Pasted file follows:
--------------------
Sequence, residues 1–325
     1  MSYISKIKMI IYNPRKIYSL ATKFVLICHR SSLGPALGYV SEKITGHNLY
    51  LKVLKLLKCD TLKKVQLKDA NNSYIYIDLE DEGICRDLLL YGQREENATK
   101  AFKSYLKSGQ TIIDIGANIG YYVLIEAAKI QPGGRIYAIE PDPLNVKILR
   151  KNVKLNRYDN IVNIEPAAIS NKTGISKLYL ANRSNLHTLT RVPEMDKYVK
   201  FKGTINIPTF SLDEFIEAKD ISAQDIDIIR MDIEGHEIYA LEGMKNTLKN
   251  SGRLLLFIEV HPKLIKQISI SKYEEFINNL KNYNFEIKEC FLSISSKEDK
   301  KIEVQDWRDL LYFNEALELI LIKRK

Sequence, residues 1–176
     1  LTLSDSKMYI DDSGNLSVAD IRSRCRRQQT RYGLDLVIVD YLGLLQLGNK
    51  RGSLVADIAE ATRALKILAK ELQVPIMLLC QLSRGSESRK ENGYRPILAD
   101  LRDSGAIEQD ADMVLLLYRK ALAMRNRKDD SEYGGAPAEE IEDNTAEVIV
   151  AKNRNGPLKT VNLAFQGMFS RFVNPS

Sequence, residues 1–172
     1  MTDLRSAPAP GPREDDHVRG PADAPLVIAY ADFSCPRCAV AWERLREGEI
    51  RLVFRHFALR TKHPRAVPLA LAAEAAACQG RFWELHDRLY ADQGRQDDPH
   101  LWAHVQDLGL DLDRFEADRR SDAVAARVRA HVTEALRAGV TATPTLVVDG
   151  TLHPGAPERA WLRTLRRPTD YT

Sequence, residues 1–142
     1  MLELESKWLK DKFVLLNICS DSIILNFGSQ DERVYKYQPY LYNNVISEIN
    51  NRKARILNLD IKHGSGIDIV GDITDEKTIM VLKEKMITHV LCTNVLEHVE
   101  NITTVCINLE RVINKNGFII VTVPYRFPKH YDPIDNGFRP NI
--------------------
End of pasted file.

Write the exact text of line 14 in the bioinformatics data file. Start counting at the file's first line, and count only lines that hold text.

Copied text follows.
Sequence, residues 1–172